Lack of coordination in building out broadband for health care is one of the biggest problems in Texas, said Republican state Sen. Charles Perry, whose district includes 51 counties over 48,000 square miles.
Last year the state made $25 million available to help school districts tap into federal funds to pay for installing high-speed internet in classrooms. Sometimes local entities would apply to lay lines where fiber already existed, while passing over areas that needed connections for health care.
“[W]hen you put government money to a problem and you don’t give some direction to vendors engaged in applying for those dollars, you don’t get the outcome” you want, Perry said.
Health care providers in Texas have been on their own when it comes to getting federal cash for laying broadband cables.
Take Culberson Hospital in the town of Van Horn, which sits on a busy stretch of highway in remote West Texas yet has only one doctor. To help handle a regular influx of car crash victims, Culberson contracted with a company that connects the trauma center’s staff to a nurse and physician in South Dakota with the push of a red button.
The hospital worked with the state health department to get around a regulation requiring a physician be physically present at the trauma center within 30 minutes. But the state did nothing to help the hospital lay the fiber optic cables needed to connect the facility to a broadband connection fast enough to make remote surgery workable.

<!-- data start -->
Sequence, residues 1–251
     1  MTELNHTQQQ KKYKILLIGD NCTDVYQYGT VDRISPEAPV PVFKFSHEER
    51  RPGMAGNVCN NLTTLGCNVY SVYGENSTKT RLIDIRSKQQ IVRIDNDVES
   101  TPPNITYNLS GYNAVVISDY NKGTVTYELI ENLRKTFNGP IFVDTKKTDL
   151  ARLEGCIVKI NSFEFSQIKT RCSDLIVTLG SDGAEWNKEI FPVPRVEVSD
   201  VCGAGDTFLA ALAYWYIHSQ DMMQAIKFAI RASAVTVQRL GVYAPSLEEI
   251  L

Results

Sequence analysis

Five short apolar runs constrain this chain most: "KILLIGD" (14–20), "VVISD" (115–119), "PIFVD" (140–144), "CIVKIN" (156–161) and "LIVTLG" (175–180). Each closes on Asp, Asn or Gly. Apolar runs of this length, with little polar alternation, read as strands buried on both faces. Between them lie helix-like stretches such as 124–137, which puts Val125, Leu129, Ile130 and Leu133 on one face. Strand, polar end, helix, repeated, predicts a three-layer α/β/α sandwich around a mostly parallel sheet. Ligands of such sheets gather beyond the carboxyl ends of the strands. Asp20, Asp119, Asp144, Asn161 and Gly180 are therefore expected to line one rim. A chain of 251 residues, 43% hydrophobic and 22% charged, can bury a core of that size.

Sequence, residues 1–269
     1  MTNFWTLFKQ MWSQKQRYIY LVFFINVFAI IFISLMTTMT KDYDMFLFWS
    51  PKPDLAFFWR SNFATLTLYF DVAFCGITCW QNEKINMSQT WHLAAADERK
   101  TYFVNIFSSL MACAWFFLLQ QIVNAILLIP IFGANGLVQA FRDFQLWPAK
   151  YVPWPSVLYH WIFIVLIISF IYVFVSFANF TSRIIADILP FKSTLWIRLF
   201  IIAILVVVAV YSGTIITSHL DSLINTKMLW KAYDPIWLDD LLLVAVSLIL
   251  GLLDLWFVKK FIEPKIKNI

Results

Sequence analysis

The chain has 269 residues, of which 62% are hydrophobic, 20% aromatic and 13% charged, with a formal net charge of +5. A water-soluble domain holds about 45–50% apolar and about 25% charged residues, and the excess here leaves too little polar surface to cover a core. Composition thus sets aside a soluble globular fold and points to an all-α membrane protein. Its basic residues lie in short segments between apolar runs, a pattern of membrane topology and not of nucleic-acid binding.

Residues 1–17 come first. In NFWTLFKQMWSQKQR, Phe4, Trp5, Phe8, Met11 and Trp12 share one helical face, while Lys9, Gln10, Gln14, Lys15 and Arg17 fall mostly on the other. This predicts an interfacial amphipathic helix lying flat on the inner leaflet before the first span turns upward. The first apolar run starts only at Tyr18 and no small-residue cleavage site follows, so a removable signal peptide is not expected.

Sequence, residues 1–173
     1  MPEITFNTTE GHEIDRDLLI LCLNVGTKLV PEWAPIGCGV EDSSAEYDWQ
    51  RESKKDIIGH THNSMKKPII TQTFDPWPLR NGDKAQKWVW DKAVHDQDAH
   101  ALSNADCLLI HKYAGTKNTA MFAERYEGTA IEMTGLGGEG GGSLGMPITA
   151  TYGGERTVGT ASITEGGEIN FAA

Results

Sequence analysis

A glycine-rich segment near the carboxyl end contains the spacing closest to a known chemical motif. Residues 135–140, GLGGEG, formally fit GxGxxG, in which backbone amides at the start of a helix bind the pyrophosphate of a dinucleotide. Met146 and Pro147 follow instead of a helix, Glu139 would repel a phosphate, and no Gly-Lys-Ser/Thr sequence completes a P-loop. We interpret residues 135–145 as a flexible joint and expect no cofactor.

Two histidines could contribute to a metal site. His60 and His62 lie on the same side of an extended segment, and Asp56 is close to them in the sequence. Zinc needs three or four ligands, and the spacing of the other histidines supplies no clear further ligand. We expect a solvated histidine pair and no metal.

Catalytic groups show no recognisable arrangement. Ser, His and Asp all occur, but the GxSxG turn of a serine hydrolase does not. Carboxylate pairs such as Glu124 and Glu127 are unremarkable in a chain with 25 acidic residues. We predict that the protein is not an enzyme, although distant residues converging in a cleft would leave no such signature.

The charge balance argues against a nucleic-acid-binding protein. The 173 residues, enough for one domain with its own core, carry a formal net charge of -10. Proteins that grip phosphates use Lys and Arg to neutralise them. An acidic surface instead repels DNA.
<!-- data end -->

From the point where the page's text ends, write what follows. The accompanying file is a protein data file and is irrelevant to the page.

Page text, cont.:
In the end the hospital applied independently for a federal grant that covered the costs of laying the lines. The group that runs the Van Horn hospital has connected six additional hospitals and received grants totaling more than $200,000 over three years.
The growth of telemedicine so far, especially in rural areas, “is a direct result of the proactivity of hospital administrators,” said Don McBeath, director of government relations for the Texas Organization of Rural and Community Hospitals.
There hasn’t been enough coordination between state facilities to take advantage of existing lines and technology, he said.
“The state needs to get a handle on this issue,” said McBeath. “Nobody knows who is doing telemedicine and what kind of telemedicine they are doing.”
The lack of state coordination disproportionately affects smaller clinics that lack the resources to apply for federal grants.
Methodist Healthcare Ministries places nurses in more than 80 sites, including churches, around 74 South Texas counties, to offer health screenings and outreach. But when the organization tried to broaden the nurses’ reach with telemedicine, it faced challenges in getting broadband access directly to the church. Sometimes it resorted to installing a satellite on a church roof to get a signal.
Ideally, said Pete Otholt, senior IT manager at Methodist, the group would like to use telehealth to make sure patients with chronic conditions such as diabetes, obesity or behavioral health issues receive frequent check-ups. But in the areas where his organization works, lack of connectivity is still a major obstacle.
“One of the things that is so important is having contact with patients,” said Otholt. “If they don’t have access to that, they are missing out on where health care is headed.”